Newsom announces plan to encourage schools to resume in-person learning as soon as February

Gov. Gavin Newsom announced a $2 billion proposal on Wednesday, Dec. 30, to encourage school districts to bring back elementary school students as soon as mid-February.

The plan would use funds from the state’s 2021-22 budget to support schools that reopen their campuses in February and March. Newsom will likely reveal the full budget proposal next week.

“In-person instruction,” Newsom said in a Wednesday morning briefing, “we believe, and we’ve said this for months and months and months — it’s our default.”

The plan, however, includes a significant exception that could impact the ability for school districts across Southern California to take advantage: Counties must have a seven-day average of fewer than 28 coronavirus cases per 100,000 people.

As of Tuesday, Los Angeles County had 132.7 cases per 100,000 people, while Orange County had 98.5. Riverside County had 140.5 cases per 100,000 people, and San Bernardino County had 165.5.

Newsom emphasized the plan would use a phased-in approach, prioritizing the students that benefit most from in-person instruction. So as early as February, schools would be encouraged to bring transitional kindergarten through sixth grade students, as well as students with special needs, back to campus.

The state would then support schools in the hope of allowing all other students, Newsom said, to return to campus by early spring.

The plan includes four aspects: funding to support safe reopenings, safety and mitigation measures for classrooms, hands-on oversight and assistance for schools, and transparency and accountability for families and school staff.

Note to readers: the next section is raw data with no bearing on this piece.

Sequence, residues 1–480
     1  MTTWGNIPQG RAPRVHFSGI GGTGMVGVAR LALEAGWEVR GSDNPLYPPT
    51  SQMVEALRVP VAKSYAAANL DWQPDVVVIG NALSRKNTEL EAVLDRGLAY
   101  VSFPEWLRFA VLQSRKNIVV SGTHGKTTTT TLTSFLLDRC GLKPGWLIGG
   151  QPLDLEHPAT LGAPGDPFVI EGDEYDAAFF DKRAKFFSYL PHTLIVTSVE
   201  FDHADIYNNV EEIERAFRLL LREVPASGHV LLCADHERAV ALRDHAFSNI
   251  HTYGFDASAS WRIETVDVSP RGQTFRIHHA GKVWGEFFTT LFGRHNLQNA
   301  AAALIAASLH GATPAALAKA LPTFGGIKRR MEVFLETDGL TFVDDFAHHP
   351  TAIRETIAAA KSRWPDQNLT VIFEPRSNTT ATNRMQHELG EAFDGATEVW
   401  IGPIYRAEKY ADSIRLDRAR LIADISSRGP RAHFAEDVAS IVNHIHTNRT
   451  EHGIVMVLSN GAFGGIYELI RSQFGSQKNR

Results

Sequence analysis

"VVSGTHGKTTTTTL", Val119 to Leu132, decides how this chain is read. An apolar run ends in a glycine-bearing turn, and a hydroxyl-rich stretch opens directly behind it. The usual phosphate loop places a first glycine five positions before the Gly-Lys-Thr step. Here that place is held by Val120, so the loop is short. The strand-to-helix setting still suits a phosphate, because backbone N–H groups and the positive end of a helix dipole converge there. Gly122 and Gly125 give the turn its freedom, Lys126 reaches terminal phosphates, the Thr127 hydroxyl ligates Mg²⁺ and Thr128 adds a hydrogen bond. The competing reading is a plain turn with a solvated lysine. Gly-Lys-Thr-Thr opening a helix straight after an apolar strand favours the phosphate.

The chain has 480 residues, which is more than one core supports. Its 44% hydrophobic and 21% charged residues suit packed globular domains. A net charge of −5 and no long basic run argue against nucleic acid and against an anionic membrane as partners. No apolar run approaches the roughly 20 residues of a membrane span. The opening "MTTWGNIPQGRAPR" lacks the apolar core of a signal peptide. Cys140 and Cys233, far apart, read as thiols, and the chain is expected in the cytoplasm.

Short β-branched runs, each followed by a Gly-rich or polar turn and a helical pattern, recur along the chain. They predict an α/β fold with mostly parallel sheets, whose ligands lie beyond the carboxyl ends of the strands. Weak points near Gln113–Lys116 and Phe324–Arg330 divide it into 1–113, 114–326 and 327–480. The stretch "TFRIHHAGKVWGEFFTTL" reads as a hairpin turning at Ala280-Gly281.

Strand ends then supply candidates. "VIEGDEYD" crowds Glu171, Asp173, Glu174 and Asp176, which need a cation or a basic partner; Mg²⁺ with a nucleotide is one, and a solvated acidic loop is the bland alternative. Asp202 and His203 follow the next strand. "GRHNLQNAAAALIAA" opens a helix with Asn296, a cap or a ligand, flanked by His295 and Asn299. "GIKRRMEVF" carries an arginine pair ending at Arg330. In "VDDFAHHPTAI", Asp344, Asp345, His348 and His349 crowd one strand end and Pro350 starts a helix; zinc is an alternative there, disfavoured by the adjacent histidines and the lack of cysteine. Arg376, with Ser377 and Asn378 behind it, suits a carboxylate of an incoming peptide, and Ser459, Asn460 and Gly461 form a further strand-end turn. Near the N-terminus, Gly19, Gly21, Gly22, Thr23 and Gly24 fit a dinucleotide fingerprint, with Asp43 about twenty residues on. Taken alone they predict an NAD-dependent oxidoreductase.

“The point of emphasis here is that safety is key,” Newsom said. “Just reopening a school for in-person instruction on its own is not going to address the issue of safety. We have to focus on these mitigation steps. We have to focus on accountability. We have to focus on issues associated with being much more transparent.”

The announcement came two months after the superintendents of the Los Angeles, Long Beach, Santa Ana, San Diego, Fresno, Oakland and Sacramento unified school districts sent a letter to Newsom, urging him and the and the state legislature to adopt a set of statewide reopening standards and to provide funding to ensure schools have the means to resume in-person classes safely.

The letter called for a “common standard” for all districts to reopen their campuses, which would include:

  • Health and safety protocols, such as mandatory daily health and temperature checks and personal protective equipment;
  • COVID-19 testing and community contact tracing efforts;
  • The ability to provide adequate instruction, student supervision and transportation; and
  • Protections for employees who may not be able to return to school because of a health issue or because they are caring for someone at home.

“The undersigned superintendents have agreed that a Common Standard is needed to serve as a blueprint for schools to safely reopen and remain open,” the Nov. 2 letter said. “Our ability to implement a Common Standard, however, is dependent upon the necessary funding and participation by federal, state, and local governments and health authorities.”

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